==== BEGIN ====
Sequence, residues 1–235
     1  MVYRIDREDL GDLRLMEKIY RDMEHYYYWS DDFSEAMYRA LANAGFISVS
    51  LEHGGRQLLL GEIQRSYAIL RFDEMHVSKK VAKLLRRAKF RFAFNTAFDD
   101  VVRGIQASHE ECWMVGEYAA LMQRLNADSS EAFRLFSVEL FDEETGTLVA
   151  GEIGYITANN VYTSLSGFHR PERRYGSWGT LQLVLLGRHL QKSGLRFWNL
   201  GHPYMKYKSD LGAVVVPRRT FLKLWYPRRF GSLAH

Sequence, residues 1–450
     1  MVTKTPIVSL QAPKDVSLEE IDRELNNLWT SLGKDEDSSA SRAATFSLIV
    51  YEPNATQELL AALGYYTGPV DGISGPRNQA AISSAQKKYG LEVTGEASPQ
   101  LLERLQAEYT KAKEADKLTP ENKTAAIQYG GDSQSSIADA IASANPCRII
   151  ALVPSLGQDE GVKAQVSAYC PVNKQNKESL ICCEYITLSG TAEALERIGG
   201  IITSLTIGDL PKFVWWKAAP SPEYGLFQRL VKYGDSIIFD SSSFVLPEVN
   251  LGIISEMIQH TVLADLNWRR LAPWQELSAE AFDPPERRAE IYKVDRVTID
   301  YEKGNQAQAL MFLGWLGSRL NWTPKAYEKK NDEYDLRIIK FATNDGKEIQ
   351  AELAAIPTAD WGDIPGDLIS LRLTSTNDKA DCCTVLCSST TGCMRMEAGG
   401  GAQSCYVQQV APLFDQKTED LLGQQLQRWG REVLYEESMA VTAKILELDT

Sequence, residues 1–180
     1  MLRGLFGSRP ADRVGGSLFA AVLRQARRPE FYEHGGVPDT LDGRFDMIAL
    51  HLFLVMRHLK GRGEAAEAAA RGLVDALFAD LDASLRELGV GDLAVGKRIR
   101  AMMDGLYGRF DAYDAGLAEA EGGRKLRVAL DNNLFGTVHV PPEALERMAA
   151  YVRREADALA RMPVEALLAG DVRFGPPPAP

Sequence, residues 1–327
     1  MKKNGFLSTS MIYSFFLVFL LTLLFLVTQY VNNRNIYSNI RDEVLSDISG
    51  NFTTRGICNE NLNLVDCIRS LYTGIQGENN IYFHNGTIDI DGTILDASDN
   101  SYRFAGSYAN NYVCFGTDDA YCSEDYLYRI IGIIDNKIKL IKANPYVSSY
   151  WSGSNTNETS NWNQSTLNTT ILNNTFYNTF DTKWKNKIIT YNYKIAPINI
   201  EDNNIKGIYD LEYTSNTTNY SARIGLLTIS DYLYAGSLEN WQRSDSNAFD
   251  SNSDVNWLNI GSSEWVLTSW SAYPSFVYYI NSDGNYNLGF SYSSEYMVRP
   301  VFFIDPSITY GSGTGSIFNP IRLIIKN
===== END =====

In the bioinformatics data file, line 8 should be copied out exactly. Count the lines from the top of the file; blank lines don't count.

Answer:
     1  MVTKTPIVSL QAPKDVSLEE IDRELNNLWT SLGKDEDSSA SRAATFSLIV